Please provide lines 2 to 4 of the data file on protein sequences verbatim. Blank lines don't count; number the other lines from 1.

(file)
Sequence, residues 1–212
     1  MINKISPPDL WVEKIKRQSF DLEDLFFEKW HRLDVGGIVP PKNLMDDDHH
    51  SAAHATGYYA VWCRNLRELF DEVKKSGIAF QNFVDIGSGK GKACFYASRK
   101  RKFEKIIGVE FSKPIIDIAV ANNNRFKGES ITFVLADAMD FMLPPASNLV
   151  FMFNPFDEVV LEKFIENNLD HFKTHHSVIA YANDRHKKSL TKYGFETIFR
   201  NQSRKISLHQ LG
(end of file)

     1  MINKISPPDL WVEKIKRQSF DLEDLFFEKW HRLDVGGIVP PKNLMDDDHH
    51  SAAHATGYYA VWCRNLRELF DEVKKSGIAF QNFVDIGSGK GKACFYASRK
   101  RKFEKIIGVE FSKPIIDIAV ANNNRFKGES ITFVLADAMD FMLPPASNLV